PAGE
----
Much appreciate your efforts and initiative on the Sunfish foils. I would be particularly interested in one of your rudders.

Indeed. And for clarity, I was referring to the "leading edge shape" of your daggerboard foil in the context of root to tip, not the cross section.

Cheers,

- Andy
Oh, now I understand. The Atos has a nice-looking curved wing tip, much like the latest competition sailplanes. I looked at these, but was concerned that the sharp tip would be the first thing to break if the board hits the ground. Most such tips on planes are also curved upwards, ie dihedral, or are winglets. This of course is impractical for a daggerboard. A pivoting centerboard might allow a symmetric winglet, but it too would be susceptible to damage. The ATOS has what we call a 'TNT' planform, with several straight sections tapering to the tip. This was the main feature of the TNT wings developed at Germany's Dornier when I worked there in the 1980s. Most sailplanes use them. Modern CNC machinery allows us more flexibility though, the reason the leading edge on our daggerboard and rudder are curved from root to tip.
 

kmisegades

Swamp Goose
FYI Laser booms come with a plastic sheet hanger already installed and I believe they work fine.
You are - as always, accurate and correct! Consumers love choices. A friend of mine has raced Lasers for many years and asked me to make him some clips for his boat. It was an easy change in our CAD model. He is testing them now on his lake in Florida.
 

kmisegades

Swamp Goose
The sheet hanger clips look nice. It looks like the sheet may be rubbing on the hanger as it looks like the opening in the hanger is closer to the boom than the exit of the boom block, which will result in friction. Intensity makes some nice ones Intensity Mainsheet Hanger for Sunfish and one of their pluses is they are soft so you won't get a divot in your head if you don't duck enough.

Intensity, which is a go-to place for parts, also sells that mast plug. Your best bet might be to get Intensity to market your plug at a lower cost.
View attachment 35578

As far as your new foils, do you have a means of testing VMG upwind vs. a boat that is identically equipped except using a normal racing board and normal rudder? If not, you should do paired testing between those same two boats. While your foils may have less drag relative to lift, they are attached to a boat that has a lot of drag itself, so the reduced drag may not have a noticeable effect on VMG.

As you can see in Tag's photo, weeds typically are right near the surface, so the curved lower part of the board will be below most of the weeds and not be able to help shed weeds.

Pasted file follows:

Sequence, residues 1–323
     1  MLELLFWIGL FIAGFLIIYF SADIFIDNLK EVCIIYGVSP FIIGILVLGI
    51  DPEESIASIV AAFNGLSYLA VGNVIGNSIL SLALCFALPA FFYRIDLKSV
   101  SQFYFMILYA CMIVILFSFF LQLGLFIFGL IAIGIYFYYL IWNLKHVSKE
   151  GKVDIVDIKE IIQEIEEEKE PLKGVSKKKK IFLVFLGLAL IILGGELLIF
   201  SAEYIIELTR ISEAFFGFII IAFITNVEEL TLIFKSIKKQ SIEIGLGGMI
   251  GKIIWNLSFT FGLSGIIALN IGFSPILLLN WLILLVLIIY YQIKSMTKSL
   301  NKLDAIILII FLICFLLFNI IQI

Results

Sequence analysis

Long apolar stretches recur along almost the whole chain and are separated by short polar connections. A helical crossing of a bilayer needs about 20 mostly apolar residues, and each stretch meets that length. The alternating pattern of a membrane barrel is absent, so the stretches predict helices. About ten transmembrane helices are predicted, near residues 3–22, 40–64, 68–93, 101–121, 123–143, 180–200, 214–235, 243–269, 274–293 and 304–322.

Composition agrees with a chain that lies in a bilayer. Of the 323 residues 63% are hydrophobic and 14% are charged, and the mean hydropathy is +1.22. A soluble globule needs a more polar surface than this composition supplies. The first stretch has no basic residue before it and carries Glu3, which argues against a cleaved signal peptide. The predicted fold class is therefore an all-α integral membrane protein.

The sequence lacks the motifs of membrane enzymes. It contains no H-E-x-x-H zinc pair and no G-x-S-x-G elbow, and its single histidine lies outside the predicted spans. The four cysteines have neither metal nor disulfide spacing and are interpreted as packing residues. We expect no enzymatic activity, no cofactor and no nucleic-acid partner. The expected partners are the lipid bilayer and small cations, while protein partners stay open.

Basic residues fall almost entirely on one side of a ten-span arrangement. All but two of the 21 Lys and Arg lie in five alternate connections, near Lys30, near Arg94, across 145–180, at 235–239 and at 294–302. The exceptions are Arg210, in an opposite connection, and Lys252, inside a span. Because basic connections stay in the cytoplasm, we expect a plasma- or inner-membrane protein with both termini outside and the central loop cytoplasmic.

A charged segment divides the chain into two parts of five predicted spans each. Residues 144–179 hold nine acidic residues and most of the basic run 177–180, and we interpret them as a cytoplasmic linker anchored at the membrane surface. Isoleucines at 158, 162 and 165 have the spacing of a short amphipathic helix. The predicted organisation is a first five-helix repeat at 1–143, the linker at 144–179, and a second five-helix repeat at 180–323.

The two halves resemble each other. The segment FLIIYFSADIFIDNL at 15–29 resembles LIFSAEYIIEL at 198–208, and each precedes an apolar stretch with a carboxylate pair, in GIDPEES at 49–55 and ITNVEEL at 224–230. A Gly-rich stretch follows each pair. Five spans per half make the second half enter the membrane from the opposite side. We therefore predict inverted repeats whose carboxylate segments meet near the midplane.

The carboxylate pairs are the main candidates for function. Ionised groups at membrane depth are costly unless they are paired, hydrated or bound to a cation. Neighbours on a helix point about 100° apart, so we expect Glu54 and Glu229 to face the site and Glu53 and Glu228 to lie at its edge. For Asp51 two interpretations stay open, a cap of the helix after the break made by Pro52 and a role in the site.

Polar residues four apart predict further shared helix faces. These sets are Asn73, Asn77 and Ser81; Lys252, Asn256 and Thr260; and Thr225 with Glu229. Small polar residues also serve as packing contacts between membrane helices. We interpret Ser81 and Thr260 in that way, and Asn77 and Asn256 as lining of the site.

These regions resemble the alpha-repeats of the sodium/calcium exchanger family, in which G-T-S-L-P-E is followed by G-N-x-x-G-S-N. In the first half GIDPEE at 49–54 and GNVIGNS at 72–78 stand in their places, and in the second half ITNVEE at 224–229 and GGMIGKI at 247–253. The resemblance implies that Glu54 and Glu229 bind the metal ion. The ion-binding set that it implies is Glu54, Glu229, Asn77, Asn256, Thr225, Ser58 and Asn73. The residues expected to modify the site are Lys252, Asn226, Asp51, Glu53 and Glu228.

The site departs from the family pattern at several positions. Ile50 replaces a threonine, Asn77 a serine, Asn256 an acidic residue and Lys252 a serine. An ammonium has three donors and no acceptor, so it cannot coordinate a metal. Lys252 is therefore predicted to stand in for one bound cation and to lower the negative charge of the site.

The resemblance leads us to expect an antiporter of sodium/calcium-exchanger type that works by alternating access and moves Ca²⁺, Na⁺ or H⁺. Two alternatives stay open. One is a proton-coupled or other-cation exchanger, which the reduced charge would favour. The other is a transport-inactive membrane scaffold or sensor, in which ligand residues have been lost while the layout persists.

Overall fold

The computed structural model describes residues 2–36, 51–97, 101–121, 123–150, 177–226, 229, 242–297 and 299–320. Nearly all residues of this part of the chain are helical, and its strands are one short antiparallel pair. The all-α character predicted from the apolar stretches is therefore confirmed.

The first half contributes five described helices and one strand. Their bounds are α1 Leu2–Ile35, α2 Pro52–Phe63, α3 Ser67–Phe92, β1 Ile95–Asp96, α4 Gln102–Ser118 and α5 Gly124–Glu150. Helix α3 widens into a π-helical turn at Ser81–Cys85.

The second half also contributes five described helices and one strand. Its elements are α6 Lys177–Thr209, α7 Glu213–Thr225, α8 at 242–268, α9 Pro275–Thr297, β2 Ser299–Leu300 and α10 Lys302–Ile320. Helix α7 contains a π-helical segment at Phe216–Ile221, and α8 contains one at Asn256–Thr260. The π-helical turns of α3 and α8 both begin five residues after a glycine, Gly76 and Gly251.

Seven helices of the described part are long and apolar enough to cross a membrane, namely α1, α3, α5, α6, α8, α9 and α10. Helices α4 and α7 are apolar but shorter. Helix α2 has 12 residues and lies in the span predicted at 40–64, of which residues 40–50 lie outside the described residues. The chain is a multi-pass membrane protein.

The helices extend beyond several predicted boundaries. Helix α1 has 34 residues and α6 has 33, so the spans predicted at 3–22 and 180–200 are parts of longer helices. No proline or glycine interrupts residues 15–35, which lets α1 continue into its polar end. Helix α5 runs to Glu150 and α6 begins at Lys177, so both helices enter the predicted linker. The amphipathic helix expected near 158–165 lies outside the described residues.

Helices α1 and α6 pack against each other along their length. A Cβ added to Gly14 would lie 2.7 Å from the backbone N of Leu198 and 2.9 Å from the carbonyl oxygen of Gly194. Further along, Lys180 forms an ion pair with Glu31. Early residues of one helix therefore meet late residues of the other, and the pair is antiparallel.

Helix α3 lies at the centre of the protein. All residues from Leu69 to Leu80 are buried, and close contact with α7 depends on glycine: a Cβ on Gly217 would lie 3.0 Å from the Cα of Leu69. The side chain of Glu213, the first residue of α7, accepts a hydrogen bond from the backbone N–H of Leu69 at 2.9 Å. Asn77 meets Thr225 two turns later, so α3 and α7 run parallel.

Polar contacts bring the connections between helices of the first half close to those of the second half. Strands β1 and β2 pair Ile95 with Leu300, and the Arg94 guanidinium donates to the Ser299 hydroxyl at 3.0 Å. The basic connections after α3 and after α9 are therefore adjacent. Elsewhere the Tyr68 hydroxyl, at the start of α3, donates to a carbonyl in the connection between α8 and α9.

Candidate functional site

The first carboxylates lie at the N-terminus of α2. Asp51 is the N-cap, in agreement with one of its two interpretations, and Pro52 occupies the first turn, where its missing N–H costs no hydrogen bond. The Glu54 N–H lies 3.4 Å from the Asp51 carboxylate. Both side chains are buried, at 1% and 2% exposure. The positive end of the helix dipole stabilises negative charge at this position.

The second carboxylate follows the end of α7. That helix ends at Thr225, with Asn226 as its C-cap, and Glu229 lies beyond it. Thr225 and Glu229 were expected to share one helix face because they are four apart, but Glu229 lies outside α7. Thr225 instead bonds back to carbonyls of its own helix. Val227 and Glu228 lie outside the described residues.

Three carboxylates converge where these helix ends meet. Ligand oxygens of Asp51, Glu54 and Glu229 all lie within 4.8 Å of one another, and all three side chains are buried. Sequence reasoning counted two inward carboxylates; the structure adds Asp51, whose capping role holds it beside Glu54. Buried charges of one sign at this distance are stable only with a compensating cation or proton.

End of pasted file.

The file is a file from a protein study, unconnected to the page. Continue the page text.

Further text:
Lets' see...

Sheet Clip - The bore for the sheet is parallel to the boom and at a height roughly the same as a line drawn between the two blocks, to minimize friction. It has large radius openings on either end for this same reason. It rotates easily around the boom including when it hits my head, speaking from experience.

Testing - I believe in real testing, which means get some boards and rudders out to people who sail a lot and see how they work. In theory one should see an improvement. If the predictions had only been a few percent better, I would not have bothered. But 40%-60% potential improvement in drag reduction or CL/CD increase on the only underwater lifting surfaces must be worth considering. Especially the existing rudder, which is not much better than a piece of plywood with the edges rounded off. The only other underwater source of drag is the hull surface, and short of polishing I do not know what could be done to reduce it. A fairing where the daggerboard protrudes from the trunk might help, but would entail modifying the hull, not very practical and probably of questionable benefit. The new parts are superior at all speeds and angles compared to the existing parts, so there should be no disadvantage to using them. As they were designed with an eye towards minimizing lift-induced drag, which increases with the square of speed, the difference should be seen the faster one sails.

Weeds - The shape of the board and fin was chosen purely for hydrodynamic efficiency reasons. For both we looked at everything from straight leading edges (as on the current board) to the two shapes we finally chose. There was a clear advantage to going with them. The curvature begins immediately at the point where the board protrudes from the trunk opening, and gradually increases towards the tip. While not being designed explicitly to shed weeds, it is surely more likely to do this than for boards with a vertical leading edge. Only actual trials in lakes with weeds will tell us. Given the existing trunk shape, there are only so many options. I'm guessing that the shorter rudder is less likely to snag weeds than the daggerboard.
 

kmisegades

Swamp Goose
The sunfish is not a fast boat.

Did the Portsmith number even change when the sail changed from flat to a much better shaped race sail or with the foil centerboard?